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Published December 10, 2019

Reducing gender bias in STEM education

Creating a sense of belonging for women through mentorship

Tiffany Karalis Noel, clinical assistant professor from the Department of Learning and Instruction, is exploring how to reduce gender bias against women in STEM education. “Despite progress with recruitment, as women in the United States continue to be underrepresented in STEM fields, it is imperative to understand the factors that may influence women’s feelings of belonging and motivation to remain in STEM fields,” Karalis Noel writes in a commentary article, “Exploring Non-Retention of Women in STEM,” for Teachers College Record.

She recommends individuals form and maintain relationships in systems or environments that allow them to feel that they are an integral part of their environments. “Advisors, teachers and others who work with women studying in STEM fields can help students stay in their programs by encouraging mentorship opportunities that establish a sense of ‘belonging’ with their academic and professional colleagues,” Karalis Noel says. “Through studies that have explored the importance of an individual’s sense of belonging within a field, findings revealed a sense of belonging as a predictor of success and retention.”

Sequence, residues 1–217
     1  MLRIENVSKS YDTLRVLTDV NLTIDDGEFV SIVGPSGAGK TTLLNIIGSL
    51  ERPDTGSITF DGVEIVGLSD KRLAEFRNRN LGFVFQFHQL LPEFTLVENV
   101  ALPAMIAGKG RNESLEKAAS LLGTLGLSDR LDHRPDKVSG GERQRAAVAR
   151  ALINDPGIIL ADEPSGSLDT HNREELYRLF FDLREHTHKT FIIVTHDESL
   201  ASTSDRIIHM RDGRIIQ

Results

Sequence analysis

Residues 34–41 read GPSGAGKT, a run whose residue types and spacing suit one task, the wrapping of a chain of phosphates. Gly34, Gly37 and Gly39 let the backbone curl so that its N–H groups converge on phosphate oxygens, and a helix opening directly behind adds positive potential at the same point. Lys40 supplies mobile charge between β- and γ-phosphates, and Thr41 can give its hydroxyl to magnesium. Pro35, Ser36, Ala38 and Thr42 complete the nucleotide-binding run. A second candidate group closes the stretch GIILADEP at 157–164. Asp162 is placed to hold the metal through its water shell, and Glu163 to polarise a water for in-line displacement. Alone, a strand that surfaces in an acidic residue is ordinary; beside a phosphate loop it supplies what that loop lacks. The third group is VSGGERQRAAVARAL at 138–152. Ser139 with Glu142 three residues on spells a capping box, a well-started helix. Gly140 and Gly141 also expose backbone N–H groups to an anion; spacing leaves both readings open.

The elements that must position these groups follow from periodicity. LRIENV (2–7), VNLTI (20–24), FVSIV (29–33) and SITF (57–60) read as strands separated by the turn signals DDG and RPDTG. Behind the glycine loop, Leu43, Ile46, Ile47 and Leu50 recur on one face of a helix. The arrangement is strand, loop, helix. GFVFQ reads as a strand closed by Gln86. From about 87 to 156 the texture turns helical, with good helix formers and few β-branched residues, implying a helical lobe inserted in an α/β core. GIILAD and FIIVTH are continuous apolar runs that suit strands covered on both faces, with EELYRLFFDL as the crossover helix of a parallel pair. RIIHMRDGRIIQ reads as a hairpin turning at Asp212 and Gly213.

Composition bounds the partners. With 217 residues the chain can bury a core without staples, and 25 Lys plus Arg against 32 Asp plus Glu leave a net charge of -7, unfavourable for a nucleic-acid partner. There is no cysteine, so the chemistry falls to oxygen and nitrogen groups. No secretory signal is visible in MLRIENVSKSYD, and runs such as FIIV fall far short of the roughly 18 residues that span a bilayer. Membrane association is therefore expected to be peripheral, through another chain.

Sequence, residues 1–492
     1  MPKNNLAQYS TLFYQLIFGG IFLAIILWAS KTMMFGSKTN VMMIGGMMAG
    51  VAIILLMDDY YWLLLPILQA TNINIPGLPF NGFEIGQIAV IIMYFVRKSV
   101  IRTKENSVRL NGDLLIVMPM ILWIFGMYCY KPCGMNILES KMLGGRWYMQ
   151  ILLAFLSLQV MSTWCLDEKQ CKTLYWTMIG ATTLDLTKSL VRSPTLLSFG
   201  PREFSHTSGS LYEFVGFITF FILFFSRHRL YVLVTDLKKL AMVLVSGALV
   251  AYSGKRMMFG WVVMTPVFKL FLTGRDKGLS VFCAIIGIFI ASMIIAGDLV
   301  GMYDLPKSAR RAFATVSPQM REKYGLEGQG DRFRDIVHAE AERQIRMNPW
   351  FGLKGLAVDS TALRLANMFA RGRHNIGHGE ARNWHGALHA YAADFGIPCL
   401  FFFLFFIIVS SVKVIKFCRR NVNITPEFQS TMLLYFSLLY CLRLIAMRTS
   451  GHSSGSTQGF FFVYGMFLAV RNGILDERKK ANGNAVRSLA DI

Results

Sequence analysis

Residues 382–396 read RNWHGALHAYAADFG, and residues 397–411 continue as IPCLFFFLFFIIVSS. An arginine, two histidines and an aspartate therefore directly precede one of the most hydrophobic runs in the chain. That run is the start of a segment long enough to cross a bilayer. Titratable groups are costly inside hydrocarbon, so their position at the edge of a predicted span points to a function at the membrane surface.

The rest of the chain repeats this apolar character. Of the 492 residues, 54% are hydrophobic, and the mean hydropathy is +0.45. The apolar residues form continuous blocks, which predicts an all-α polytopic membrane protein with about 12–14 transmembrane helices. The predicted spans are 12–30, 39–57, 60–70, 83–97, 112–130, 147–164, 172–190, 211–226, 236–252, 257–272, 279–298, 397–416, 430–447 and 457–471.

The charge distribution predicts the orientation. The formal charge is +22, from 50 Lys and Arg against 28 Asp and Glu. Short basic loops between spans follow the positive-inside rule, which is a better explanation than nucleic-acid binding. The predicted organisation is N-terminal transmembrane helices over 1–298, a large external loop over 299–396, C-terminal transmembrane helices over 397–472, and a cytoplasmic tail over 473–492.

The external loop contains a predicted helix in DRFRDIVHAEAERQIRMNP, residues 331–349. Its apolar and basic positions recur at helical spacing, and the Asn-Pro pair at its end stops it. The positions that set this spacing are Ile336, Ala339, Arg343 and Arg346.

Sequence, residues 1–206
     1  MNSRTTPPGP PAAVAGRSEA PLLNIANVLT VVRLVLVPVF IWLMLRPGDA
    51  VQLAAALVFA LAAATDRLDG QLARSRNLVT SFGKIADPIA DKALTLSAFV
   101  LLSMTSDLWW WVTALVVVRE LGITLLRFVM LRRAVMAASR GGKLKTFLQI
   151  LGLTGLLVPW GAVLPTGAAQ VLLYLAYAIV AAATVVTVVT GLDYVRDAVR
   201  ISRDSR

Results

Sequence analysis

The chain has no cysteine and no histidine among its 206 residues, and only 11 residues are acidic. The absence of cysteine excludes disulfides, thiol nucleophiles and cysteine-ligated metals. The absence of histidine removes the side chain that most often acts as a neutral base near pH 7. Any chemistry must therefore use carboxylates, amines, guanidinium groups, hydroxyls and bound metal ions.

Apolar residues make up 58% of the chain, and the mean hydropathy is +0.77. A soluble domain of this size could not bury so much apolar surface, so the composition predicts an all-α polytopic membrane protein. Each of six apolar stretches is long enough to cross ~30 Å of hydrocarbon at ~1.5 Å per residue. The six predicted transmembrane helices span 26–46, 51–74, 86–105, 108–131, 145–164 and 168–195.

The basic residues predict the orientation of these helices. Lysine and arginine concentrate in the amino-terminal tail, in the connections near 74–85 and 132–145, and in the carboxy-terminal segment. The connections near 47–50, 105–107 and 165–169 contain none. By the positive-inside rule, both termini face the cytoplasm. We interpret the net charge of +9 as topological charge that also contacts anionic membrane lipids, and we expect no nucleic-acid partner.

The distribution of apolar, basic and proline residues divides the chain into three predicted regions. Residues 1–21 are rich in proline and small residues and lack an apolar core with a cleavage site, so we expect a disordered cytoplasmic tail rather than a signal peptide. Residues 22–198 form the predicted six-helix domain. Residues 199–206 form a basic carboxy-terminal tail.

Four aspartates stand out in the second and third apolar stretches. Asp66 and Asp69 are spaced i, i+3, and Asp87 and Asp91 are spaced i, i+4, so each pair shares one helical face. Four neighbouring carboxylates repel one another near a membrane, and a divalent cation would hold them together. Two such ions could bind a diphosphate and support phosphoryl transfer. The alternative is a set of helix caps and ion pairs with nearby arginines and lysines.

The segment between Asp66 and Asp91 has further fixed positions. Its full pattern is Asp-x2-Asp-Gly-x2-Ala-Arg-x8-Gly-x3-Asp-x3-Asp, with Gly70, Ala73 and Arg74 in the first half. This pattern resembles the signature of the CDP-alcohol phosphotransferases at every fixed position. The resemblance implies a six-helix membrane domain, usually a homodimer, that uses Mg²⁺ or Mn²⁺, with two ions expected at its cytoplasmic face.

Findings indicate that gender harassment is one of the most common forms of bullying, and is defined as “verbal and nonverbal behaviors that convey hostility, objectification, exclusion or second-class status about members of one gender,” according to Karalis Noel. A University of Texas survey found that 20% of women in science, more than 25% of women in engineering, and more than 40% of women in medicine reported experiencing sexual harassment from peers and professors. Karalis Noel notes that this data is supported by additional refrains shared by the undergraduate women she listened to and learned from as a teacher educator between 2015 and 2018.

As a result of harassment and alienation within their own fields of study, women leaving STEM fields remains a serious problem, as Karalis Noel has witnessed many examples of talented students switching out of STEM classes. To eliminate harassment and reverse the trend of women switching out of STEM fields, she recommends fostering positive, affirming experiences early in students’ academic careers that will reverse the effects of being isolated and unwanted, including matching female students with female mentors.

“If we are going to have enough women available to mentor, then we need more students who are going into the field so they can be mentors,” Karalis Noel says. “It needs to be this constantly increasing process because when there are so few women in a mentoring position, compared to men, it’s less likely you can pair all those female students with female mentors.”

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